Missing Mo. woman found dead in unmarked squad car
The officer assigned to the black, unmarked 2012 Chevrolet Caprice opened the door and immediately smelled, then found, the woman's body
By Joel Currier and Valerie Schremp Hahn
St. Louis Post-Dispatch
BRECKENRIDGE HILLS, Mo. — A woman was found dead Monday inside an unmarked Breckenridge Hills police car, authorities say.
Police identified the woman as Leslie Wehmer, 41, of the 9500 block of Edmund Avenue in unincorporated St. Louis County near Breckenridge Hills. She was reported missing Saturday by her boyfriend after she left their home intoxicated, police said.
A Breckenridge Hills officer reporting to duty just before 8 a.m. Monday found the woman inside the cruiser at the police station, police said. It was not immediately clear how she died.
The officer assigned to the black, unmarked 2012 Chevrolet Caprice opened the door and immediately smelled, then found, the woman's body.
Wehmer's body was slumped in the back seat below the level of the tinted windows, Police Chief Perry Hopkins said.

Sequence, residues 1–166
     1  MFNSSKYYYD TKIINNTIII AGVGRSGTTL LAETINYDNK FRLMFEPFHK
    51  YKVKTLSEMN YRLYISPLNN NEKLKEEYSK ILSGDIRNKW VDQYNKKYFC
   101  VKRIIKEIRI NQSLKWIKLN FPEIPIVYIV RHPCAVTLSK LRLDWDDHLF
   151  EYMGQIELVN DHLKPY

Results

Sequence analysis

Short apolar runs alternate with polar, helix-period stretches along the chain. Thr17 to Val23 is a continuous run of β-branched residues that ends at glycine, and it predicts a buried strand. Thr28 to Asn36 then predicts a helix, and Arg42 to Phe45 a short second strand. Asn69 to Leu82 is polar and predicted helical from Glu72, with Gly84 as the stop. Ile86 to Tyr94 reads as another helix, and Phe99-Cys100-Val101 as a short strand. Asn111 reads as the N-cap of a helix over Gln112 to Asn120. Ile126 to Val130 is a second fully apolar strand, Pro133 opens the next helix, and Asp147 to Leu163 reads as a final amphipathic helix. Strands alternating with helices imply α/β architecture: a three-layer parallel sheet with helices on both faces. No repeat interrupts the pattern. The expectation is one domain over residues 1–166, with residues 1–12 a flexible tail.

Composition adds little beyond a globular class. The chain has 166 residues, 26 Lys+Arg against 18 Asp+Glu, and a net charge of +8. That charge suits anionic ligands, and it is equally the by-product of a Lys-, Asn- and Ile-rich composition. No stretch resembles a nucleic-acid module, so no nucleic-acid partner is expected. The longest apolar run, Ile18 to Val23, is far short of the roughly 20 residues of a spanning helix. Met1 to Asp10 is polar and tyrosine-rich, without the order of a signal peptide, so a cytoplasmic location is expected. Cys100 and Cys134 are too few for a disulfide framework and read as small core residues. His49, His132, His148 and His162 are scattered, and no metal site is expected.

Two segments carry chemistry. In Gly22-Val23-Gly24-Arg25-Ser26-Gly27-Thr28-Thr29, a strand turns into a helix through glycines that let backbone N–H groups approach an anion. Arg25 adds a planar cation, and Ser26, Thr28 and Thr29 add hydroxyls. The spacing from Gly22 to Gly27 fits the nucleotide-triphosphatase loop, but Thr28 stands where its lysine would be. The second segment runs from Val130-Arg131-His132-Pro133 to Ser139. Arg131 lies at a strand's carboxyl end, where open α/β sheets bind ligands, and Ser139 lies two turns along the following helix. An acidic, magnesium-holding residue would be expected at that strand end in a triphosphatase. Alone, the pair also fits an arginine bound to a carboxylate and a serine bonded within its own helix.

The officer was in training last week, so the car hadn't been driven since July 4, Hopkins said. Police went into the car Thursday to retrieve a laptop.
"Anyone who's smelled the odor of death knows exactly what that smells like," Hopkins said.
He said police believe Wehmer crawled into the unlocked car sometime over the past several days.
He said police have learned she argued with her boyfriend late late last week and "stormed off."
The boyfriend, Dave Childs, 55, said in an interview with a reporter that he last saw Wehmer late Wednesday night or early Thursday morning and that they were arguing because of her alcohol-induced hallucinations. She had suffered from a couple of alcohol-related seizures earlier in the week, according to police.
Childs told police she often wandered off but returned home or called within a few days.
He said a friend spotted her Thursday morning knocking on a car window nearby.
A friend of Wehmer's saw her Sunday when Wehmer was apparently intoxicated and knocked on her friend's door.
The friend wasn't alarmed by Wehmer's behavior because Wehmer was frequently intoxicated and seemed confused, police said.
Childs said he is puzzled by what could have happened. Wehmer suffered from nerve damage because of her drinking, he said, and couldn't have walked as far as the police department, even though it is within half a mile of her home. He wonders why the cruiser was left unlocked.
Despite her struggles with alcohol, Childs described Wehmer as funny and good-natured. They had lived together for eight years.
"It's really sad, and I don't even know how to feel," he said. "I don't know if it's sunk in yet. You see somebody one day, and the next day, they're gone."
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